I intended to grill the gindara over the weekend. But I got up so late, forgot to thaw anything from the freezer overnight and the kids would be home for lunch. They spent the morning preparing for the school fair and we will all be there later in the afternoon. So, there I was, sipping my first cup of coffee for the day at 11.45 a.m. and the kids were due home in about 30 minutes. I took the vacuum-packed gindara from the freezer, placed the pack in a bowl of water, prepared the vegetables, changed the soaking water every five minutes to thaw the fish faster… The kids were home no more than five minutes before lunch was ready.
Perhaps, I should mention too that all the veggies I used to cook this dish were bits and pieces left over from last night’s stir-fry (which I wasn’t able to take a photo of in the rush). And that the lemon juice was from one of the three lemons that I bought to make crostata di limone from The Celebrity Italian Table, a free digital cookbook from Barilla which I have Nicole of Pinch My Salt to thank for. The cookbook, with recipes by Mario Batali and table settings by David Tutera, is available for download until the end of the month. I’m no David Tutera fan but after poring over The Celebrity Italian Table, I realized that I can admire the guy so long as I don’t have to hear him talk. And although Mario Batali hates food bloggers, that doesn’t make him an incompetent chef nor a bad recipe inventor.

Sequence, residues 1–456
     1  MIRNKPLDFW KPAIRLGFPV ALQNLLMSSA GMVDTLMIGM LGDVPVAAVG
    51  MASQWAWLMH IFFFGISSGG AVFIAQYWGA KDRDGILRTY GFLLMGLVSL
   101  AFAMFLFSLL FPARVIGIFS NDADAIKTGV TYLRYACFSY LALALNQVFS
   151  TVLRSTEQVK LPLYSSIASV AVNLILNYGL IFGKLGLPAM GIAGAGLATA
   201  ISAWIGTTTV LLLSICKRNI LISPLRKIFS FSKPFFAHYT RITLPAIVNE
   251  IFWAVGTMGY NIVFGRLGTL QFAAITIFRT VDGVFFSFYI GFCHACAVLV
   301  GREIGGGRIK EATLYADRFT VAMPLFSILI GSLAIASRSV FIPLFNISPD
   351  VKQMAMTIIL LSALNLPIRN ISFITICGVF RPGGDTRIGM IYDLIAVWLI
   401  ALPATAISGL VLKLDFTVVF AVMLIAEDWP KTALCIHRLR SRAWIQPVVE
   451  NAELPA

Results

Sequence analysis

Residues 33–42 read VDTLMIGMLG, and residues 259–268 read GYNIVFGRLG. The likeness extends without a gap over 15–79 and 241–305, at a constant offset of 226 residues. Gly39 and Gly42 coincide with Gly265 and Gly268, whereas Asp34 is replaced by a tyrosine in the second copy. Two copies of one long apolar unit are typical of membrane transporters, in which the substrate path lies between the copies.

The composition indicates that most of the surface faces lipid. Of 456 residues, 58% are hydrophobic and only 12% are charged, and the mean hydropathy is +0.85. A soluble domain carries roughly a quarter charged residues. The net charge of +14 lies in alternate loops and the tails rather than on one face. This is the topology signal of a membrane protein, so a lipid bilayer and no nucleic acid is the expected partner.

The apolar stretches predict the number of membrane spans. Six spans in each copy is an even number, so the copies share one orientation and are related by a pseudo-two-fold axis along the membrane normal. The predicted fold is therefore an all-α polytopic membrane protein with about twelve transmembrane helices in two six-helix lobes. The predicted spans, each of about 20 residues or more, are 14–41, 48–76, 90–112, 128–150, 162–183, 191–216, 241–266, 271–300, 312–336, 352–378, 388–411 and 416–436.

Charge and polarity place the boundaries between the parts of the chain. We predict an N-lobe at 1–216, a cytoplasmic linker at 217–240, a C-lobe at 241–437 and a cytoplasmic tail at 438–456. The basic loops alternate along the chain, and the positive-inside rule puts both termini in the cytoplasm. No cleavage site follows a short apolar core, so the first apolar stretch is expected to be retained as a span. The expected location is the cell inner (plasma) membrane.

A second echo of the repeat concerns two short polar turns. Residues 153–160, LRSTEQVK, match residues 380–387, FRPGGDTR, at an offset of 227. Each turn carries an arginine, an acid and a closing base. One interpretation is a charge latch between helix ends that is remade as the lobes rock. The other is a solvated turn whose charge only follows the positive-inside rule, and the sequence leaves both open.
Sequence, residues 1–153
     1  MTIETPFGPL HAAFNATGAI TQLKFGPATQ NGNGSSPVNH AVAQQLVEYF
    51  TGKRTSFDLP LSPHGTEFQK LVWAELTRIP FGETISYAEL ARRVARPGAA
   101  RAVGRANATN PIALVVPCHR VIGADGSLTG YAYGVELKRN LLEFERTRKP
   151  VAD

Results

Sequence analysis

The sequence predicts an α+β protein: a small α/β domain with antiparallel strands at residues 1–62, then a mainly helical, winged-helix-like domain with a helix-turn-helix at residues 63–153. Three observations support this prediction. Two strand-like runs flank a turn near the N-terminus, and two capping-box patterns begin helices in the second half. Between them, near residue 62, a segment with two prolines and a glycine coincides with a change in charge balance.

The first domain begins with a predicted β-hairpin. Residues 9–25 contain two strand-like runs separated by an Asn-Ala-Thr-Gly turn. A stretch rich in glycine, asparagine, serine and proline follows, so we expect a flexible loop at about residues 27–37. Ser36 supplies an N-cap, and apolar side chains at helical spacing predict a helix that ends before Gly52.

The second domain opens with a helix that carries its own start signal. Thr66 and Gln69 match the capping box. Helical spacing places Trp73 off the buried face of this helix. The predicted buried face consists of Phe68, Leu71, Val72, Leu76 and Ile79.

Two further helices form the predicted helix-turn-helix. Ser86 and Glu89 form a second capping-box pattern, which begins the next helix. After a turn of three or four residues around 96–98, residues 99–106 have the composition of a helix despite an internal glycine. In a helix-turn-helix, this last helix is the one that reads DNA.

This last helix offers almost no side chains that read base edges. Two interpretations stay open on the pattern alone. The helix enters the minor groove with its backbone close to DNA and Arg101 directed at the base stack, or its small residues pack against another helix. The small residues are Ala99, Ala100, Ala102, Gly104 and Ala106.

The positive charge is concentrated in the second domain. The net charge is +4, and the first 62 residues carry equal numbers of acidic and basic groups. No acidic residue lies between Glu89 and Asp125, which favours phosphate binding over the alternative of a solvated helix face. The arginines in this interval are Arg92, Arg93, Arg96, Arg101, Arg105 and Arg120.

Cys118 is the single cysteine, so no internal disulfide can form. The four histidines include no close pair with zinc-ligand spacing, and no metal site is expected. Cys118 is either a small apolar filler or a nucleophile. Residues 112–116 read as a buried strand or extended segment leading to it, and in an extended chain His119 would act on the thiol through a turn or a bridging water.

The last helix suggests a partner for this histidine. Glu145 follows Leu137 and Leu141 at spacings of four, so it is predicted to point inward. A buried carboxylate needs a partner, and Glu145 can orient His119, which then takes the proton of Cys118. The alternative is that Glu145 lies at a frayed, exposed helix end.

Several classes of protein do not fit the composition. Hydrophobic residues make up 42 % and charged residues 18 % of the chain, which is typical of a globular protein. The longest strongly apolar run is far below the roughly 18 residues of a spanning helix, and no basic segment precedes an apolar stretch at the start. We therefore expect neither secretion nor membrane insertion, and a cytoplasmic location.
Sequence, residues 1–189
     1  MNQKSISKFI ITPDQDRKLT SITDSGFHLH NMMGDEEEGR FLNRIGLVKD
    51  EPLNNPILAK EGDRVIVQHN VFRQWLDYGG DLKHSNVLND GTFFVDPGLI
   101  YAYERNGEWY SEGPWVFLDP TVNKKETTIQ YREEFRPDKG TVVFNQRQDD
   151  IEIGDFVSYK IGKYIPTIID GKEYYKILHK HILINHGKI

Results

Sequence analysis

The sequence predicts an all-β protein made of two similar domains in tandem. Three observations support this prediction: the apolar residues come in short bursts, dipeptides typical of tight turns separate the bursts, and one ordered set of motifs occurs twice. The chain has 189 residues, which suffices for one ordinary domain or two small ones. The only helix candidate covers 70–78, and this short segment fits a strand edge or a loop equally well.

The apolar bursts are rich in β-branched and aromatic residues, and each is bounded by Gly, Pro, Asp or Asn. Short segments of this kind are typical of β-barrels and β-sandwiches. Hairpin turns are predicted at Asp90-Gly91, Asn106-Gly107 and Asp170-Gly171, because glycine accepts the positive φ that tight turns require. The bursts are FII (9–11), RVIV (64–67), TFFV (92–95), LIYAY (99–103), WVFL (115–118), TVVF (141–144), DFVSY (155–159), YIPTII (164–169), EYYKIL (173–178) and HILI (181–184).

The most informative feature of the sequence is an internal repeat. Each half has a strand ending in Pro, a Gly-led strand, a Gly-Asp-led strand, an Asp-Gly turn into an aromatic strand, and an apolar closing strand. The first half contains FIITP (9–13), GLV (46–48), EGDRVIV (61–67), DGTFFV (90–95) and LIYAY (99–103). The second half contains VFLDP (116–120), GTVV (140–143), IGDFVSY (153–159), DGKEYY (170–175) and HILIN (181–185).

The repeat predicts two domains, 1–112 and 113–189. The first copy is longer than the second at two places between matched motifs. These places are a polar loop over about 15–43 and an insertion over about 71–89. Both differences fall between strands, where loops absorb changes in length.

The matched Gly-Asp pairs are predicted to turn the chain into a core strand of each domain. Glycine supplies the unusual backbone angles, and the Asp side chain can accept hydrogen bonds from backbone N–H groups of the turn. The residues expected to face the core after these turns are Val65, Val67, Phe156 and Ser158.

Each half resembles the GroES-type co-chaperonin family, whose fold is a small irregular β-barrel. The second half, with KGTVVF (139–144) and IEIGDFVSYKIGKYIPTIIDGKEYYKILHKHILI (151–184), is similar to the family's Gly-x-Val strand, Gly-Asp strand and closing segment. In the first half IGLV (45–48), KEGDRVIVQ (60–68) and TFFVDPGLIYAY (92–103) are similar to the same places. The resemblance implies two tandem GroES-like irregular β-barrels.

Now that we’re done with all the asides, let’s go to the recipe for the gindara fillets in coconut cream. It might seem like the tired old ginataang isda (fish in coconut cream) but the addition of lemon juice gives this dish a twist and kick that is truly refreshing.
First, a few notes.
Any white, firm, fleshy fish can be substituted for the gindara.
The bell pepper can be any color.
If you are not using a non-stick pan, you will need more cooking oil to cook the potatoes. Just pour off any excess after the potatoes are done.
Let the coconut cream simmer without allowing it to reach boiling point to prevent curdling.
The fish will be done in five to seven minutes. Do not overcook to prevent the fish from crumbling. It should be cooked through but not mushy.
- 500 grams gindara fillets
- 2 potatoes about 250 grams
- 1 whole garlic
- 1 onion I used red
- 1 plump and juicy tomato
- 1 bell pepper
- 1 handful snap peas
- 2 finger chilies
- 2 stalks celery
- 1/2 cup cut onion leaves to garnish
- 2 cups coconut cream (I used canned)
- patis (fish sauce) to taste
- juice of one lemon or about 3 tablespoonfuls of kalamansi juice
- 3 to 4 tablespoons cooking oil
Peel the potatoes and cut into 1-1/2 inch cubes.
Heat the cooking oil in a wok or frying pan. Cook the potatoes until done and the edges lightly browned. This will take about 10 minutes if the potatoes have been cut into 1-1/2 inch cubes. While the potatoes fry, prepare the rest of the ingredients.
Crush and peel the garlic. Mince.
Peel the onion and slice finely.
Dice the tomato.
Trim the celery sticks and cut diagonally, about half an inch thick.
Core the bell pepper, scape off the seeds and veins and dice.
Trim the ends and sides of the chicharo.
Cut the finger chilis into 2 to 3 portions.
Cut the gindara fillets into bite-size pieces, roughly the same size as the potatoes.
When the potatoes are done, add the garlic, onion and tomato to the pan and cook for a few seconds. Next, add the celery, chicharo, chilis and bell pepper. Stir fry for a few minutes. Add the fish. Cook, tossing, until the fish starts to turn opaque. Pour in the coconut cream, season with fish sauce and stir. Simmer until the fish is done.
Turn off the heat, pour in the lemon or kalamansi juice, stir and transfer to a serving bowl. Garnish with onion leaves.
Serve hot with rice.